Newswise — A Saint Louis University (SLU) professor has received a Fulbright scholarship to study how Scotland’s culture influences those who care for Scottish women who have lost a baby or suffered a miscarriage.
Denise Côté-Arsenault, Ph.D., the Hemak Endowed Professor of Maternal Child Nursing at the Trudy Busch Valentine School of Nursing at SLU, is an internationally recognized expert in pregnancy loss. She will conduct her research project at Edinburgh Napier University in Scotland from May through July 2020. Côté-Arsenault will interact with local midwives and pregnancy loss support groups from Edinburgh to gain insights into Scottish care and culture.
“Much care is provided by midwives within a national health service, so I want to know how they practice, what they do in the situation of pregnancy loss. My study will explore and describe the culture surrounding perinatal bereavement in Scotland,” Côté-Arsenault said.
Families likely experience the unsuccessful end of a pregnancy with a range of emotions, depending on their circumstances and within their social norms where they live.
“We know that for some mothers, the end of their pregnancy through miscarriage is a disappointment but is not devastation, while for others, it is a life-changing experience. Losses at later gestational ages, when there has been fetal movement, and the baby’s body can be seen and held moves the experience beyond a fantasized future child to ‘this’ child. In the U.S., mothers describe a sense of isolation and their loss as a hidden death, with their grieving rarely acknowledged,” she said.
“I think that there will be many differences between what is done in Scotland and what we do in the U.S. and many commonalities as well. Their care models likely influence the care that is given to grieving women and their families.”
Côté-Arsenault will gather information for her ethnographic study – exploring how the culture of Scotland influences how midwives, nurses and counselors care for women and their families who have suffered the loss of a pregnancy or death of a baby soon after birth. She will conduct interviews, observe support groups and review materials on governmental and midwifery websites.
“The goal is not to disrupt the culture but rather to learn about it through participant observation and learning from members of the culture,” Côté-Arsenault said.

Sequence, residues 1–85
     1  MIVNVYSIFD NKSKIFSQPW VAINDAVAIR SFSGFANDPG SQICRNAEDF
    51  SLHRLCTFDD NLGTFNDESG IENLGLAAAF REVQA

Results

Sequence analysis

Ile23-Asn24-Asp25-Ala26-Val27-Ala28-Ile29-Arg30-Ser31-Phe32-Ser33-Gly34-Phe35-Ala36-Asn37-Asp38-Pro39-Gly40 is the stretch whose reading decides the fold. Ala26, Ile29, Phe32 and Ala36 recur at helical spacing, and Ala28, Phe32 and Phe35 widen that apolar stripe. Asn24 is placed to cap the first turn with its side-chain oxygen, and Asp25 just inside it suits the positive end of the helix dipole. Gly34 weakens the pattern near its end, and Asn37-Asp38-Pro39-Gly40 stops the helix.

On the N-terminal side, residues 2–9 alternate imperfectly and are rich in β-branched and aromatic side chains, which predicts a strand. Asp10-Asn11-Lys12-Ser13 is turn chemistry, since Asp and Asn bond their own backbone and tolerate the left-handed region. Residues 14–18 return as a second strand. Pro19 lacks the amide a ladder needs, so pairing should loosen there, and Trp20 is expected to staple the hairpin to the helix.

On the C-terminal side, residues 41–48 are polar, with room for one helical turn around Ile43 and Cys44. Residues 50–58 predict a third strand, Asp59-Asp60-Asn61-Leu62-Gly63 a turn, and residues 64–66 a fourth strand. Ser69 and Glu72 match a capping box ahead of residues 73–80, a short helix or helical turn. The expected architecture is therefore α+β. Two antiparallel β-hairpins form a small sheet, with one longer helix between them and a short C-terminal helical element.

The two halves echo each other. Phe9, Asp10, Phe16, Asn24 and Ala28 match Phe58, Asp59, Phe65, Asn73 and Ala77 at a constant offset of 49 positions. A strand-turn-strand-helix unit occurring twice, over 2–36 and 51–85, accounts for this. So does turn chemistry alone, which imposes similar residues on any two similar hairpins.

A member of the inaugural 2019-2020 class of SLU’s Research Institute Fellows, Côté-Arsenault is an NIH-funded investigator who studies how to support families whose babies can’t survive outside the womb.
The problem, which is known as lethal fetal diagnoses, affects about 125,000 U.S. mothers annually – or approximately 2% of pregnancies. Unfortunately, health care providers have few evidence-based resources on how to provide support to parents and caregivers and the reasons for a lethal fetal diagnosis are not well understood.
Côté-Arsenault’s research informs health care services for this population by ensuring practitioners have data about parents’ experiences, needs and responses.
Côté-Arsenault is one of over 800 U.S. scholars chosen to teach, research or provide expertise abroad for the 2019-2020 academic year through the Fulbright U.S. Scholar Program. Like other recipients of Fulbright awards, Côté-Arsenault was selected on the basis of her academic and professional achievement, record of service and demonstrated leadership in her field.
The Fulbright Program is the U.S. government’s flagship international educational exchange program, designed to build lasting connections between people of the United States and those from other countries. It is funded through an annual U.S. Congressional appropriation to the U.S. Department of State.
Côté-Arsenault was recruited to SLU spring of 2019 for an endowed chair designed to elevate the Trudy Busch Valentine School of Nursing’s research portfolio.
Founded in 1928, the Trudy Busch Valentine School of Nursing at Saint Louis University has achieved a national reputation for its innovative and pioneering programs. Offering bachelor's, master's, and doctoral nursing programs, its faculty members are nationally recognized for their teaching, research and clinical expertise.